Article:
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Journal of Spectroscopy
Volume 2016 (2016), Article ID 1603609, 6 pages
Research Article

Raman Spectroscopy in Colorectal Cancer Diagnostics: Comparison of PCA-LDA and PLS-DA Models

1State Key Laboratory of Environmental Chemistry and Ecotoxicology, Research Center for Eco-Environmental Sciences, Chinese Academy of Sciences, Beijing 100085, China
2University of Chinese Academy of Sciences, Beijing 100049, China
3No. 4 Hospital, Jinan 250031, China
4National Center for Mathematics and Interdisciplinary Sciences, Academy of Mathematics and Systems Science, Chinese Academy of Sciences, Beijing 100190, China

Received 13 August 2016; Revised 25 October 2016; Accepted 8 November 2016

Academic Editor: Feride Severcan

Copyright © 2016 Wenjing Liu et al. This is an open access article distributed under the Creative Commons Attribution License, which permits unrestricted use, distribution, and reproduction in any medium, provided the original work is properly cited.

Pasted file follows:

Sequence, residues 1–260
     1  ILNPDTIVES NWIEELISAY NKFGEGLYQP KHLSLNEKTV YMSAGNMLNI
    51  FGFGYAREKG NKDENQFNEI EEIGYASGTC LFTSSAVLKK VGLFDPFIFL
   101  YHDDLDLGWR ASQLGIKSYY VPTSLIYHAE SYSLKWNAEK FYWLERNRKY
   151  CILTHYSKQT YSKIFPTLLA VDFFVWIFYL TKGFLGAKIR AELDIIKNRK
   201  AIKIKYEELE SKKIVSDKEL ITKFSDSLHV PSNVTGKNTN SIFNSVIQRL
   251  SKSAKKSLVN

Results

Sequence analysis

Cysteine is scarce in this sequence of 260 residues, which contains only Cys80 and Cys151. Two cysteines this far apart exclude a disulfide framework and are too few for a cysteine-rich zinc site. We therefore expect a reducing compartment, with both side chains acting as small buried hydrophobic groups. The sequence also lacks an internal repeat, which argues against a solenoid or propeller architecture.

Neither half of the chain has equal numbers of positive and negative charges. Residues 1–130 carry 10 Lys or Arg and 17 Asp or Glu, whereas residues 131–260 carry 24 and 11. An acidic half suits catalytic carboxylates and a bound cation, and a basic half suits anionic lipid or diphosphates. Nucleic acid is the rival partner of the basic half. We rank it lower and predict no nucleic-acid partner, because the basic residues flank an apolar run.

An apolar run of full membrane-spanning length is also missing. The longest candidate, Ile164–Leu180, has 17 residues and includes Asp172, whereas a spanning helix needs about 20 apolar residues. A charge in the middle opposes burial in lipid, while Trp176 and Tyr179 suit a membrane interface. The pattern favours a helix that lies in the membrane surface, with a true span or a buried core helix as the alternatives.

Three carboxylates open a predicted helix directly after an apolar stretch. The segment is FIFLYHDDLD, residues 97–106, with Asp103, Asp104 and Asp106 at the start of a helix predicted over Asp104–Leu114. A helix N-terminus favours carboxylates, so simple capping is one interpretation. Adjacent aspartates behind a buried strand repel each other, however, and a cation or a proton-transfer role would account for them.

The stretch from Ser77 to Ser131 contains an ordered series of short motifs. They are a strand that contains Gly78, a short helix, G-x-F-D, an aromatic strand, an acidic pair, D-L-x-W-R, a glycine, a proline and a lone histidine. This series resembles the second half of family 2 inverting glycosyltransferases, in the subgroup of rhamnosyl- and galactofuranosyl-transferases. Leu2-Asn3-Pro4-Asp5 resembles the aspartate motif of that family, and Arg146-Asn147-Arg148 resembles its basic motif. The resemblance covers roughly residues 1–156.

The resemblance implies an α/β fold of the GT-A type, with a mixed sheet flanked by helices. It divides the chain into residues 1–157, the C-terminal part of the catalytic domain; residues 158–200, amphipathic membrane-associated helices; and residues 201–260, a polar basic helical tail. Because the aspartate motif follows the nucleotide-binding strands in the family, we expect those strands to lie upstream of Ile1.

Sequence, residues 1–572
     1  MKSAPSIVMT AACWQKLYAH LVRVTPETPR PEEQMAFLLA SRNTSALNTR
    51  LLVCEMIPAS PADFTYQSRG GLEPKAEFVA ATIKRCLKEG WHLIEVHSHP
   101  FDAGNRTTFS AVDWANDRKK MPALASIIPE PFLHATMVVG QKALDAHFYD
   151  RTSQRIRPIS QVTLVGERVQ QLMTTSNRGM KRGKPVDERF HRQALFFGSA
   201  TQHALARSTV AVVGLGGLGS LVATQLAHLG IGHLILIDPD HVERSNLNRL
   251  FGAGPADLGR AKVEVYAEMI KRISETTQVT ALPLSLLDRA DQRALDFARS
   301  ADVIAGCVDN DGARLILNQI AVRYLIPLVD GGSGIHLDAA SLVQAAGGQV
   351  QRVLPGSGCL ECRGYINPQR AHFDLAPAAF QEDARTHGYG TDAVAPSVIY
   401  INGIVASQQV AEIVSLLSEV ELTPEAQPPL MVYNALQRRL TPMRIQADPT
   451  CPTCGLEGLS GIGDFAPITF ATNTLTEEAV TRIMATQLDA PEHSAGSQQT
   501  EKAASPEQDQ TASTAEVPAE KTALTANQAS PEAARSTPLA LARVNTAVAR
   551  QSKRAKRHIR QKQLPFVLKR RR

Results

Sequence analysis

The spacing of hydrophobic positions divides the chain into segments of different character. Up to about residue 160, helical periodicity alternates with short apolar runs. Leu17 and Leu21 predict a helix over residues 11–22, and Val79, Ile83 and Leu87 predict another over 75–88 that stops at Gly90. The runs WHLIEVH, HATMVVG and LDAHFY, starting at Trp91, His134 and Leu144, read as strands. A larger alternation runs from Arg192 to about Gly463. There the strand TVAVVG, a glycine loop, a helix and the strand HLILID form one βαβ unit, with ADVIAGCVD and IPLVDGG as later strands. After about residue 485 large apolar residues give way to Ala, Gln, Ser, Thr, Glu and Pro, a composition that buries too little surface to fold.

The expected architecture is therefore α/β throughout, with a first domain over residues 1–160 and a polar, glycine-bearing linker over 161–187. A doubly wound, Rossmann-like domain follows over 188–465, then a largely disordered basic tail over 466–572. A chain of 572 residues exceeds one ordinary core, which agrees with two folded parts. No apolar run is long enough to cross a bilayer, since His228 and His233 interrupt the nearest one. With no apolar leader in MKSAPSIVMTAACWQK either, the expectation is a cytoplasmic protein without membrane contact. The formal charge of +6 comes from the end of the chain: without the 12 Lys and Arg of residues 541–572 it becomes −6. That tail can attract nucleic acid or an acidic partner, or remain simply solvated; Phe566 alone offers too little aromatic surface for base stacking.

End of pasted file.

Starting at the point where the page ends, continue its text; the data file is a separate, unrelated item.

Raman spectra of human colorectal tissue samples were employed to diagnose colorectal cancer. High-quality Raman spectra were acquired from normal and cancerous colorectal tissues from 81 patients. Subtle Raman variations, such as for peaks at 1134 cm−1 (protein, C-C/C-N stretching) and 1297 cm−1 (lipid, C-H2 twisting), were observed between normal and cancerous colorectal tissues. The average peak intensity at 1134 and 1297 cm−1 was increased from approximately 235 and 72 in the normal group, respectively, to 315 and 273 in the cancer group. The variations of Raman spectra reflected the changes of cell molecules during canceration. The multivariate statistical methods of principal component analysis-linear discriminant analysis (PCA-LDA) and partial least-squares-discriminant analysis (PLS-DA), together with leave-one-patient-out cross-validation, were employed to build the discrimination model. PCA-LDA was used to evaluate the capability of this approach for classifying colorectal cancer, resulting in a diagnostic accuracy of 79.2%. Further PLS-DA modeling yielded a diagnostic accuracy of 84.3% for colorectal cancer detection. Thus, the PLS-DA model is preferable between the two to discriminate cancerous from normal tissues. Our results demonstrate that Raman spectroscopy can be used with an optimized multivariate data analysis model as a sensitive diagnostic alternative to identify pathological changes in the colon at the molecular level.